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As a Franchise Owner, Should You Also Manage Your Business?

Restaurant Manager and Executive

Most small businesses run lean, meaning: if the owner is able to do it, she does it. But years ago, when I and my husband owned a Marble Slab Creamery franchise, we made the mistake of trying to save money and manage the store ourselves.

Stop me if this sounds familiar: in addition to being responsible for overall store numbers and finances (revenues, expenses, payroll), we also:

  • Created the weekly schedule

  • Took complaints and whines from our teen staff

  • Ordered inventory

  • Marketed the business

  • Scooped ice cream daily

Oh, and we were also both running our own businesses outside of the franchise! Talk about biting off more than we could chew!

Looking back, it’s no surprise that the business went under. Hiring a manager -- and the right manager, at that -- is absolutely imperative for the success of your franchise.

Start By Knowing What You Need

Even if you don’t want to own that role of manager long-term, it’s a wise idea to spend some time managing the business so you know what it takes. Being on top of the ins and outs of your business will help you when you do spend time there and check in with your soon-to-be manager regularly.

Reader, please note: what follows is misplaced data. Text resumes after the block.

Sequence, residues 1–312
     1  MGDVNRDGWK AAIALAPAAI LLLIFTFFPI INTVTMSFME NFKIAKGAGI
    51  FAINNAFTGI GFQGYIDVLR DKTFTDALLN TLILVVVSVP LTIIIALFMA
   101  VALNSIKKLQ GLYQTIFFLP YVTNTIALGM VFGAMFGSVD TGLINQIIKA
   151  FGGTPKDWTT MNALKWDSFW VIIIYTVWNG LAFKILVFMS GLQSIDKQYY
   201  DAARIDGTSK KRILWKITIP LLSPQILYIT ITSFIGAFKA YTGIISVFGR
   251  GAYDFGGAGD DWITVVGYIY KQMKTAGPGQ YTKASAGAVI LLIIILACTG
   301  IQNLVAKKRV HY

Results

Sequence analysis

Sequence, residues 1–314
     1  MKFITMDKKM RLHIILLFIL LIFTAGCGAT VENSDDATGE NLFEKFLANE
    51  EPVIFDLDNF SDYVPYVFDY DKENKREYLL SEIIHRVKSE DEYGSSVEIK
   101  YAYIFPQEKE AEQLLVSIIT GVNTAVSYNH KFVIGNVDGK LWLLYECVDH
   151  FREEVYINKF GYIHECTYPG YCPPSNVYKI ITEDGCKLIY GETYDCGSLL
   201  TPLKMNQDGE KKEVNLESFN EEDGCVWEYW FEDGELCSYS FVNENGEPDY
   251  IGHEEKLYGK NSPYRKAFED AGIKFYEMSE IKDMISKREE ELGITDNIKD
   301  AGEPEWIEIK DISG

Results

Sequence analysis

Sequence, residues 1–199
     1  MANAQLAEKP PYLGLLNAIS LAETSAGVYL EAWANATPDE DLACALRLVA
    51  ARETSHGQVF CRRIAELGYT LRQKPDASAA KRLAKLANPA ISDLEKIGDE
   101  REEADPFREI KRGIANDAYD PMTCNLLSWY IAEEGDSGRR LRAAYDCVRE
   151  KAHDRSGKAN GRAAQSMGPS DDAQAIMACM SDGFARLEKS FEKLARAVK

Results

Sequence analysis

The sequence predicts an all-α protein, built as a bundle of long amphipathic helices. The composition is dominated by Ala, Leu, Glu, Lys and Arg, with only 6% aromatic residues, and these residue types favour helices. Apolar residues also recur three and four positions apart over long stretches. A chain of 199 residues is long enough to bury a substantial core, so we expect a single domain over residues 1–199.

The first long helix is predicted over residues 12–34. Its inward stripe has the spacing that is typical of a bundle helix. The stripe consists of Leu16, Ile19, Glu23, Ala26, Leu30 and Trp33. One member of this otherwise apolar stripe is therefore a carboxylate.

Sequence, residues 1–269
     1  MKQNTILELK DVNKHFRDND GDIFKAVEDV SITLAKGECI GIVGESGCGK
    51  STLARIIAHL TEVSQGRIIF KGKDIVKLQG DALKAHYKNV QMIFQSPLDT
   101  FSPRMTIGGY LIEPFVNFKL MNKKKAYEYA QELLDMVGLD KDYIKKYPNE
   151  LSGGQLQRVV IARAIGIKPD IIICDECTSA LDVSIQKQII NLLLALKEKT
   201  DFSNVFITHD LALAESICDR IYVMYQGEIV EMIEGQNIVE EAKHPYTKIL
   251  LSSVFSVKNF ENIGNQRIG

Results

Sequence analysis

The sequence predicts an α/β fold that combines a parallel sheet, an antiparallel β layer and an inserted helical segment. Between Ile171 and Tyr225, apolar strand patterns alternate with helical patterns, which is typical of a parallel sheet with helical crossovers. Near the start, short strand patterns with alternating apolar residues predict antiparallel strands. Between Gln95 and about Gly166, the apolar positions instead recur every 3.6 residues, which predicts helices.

Create a training manual based on how you want things done. Some of this may be mandated by the franchisor, but you may have your preferences about how the store is kept clean or products stocked. Once you’ve created processes for all the duties of your future manager, you can create a job description, using those duties as bullet points on the required skills and experience you’re looking for.

Set Expectations High

You want a manager who can essentially be “you” when you’re not there. He should be diligent about keeping employees in line, managing shrinkage, and keeping customers happy. He should be experienced in managing financial accounts, dealing with irate customers, and handling employee disputes.

Interview enough people to find exactly what you’re looking for; never settle, or you may come to regret it later. Offer competitive compensation to attract top-tier talent. You don’t want your desire to be cheap to limit the quality of the manager candidates you attract.

Don’t Leave the Scene Just Yet

Yes, you can rest assured that you have someone competent managing your franchise on your behalf, but that doesn’t excuse you from being present. Check in regularly (and perhaps occasionally unannounced so you can observe how your store is run when they’re not expecting you) and stay up to date on what’s happening.

Even if you aren’t managing the day-to-day, you want to ensure that your company is being run the right way, so stay on top of it.

Susan Payton is the President of Egg Marketing & Communications, a marketing firm specializing in content writing and social media management. She’s written three business books, including How to Get More Customers With Press Releases, and frequently blogs about small business and marketing on sites including Forbes, AllBusiness, The Marketing Eggspert Blog, and Tweak Your Biz. Follow her on Twitter @eggmarketing.

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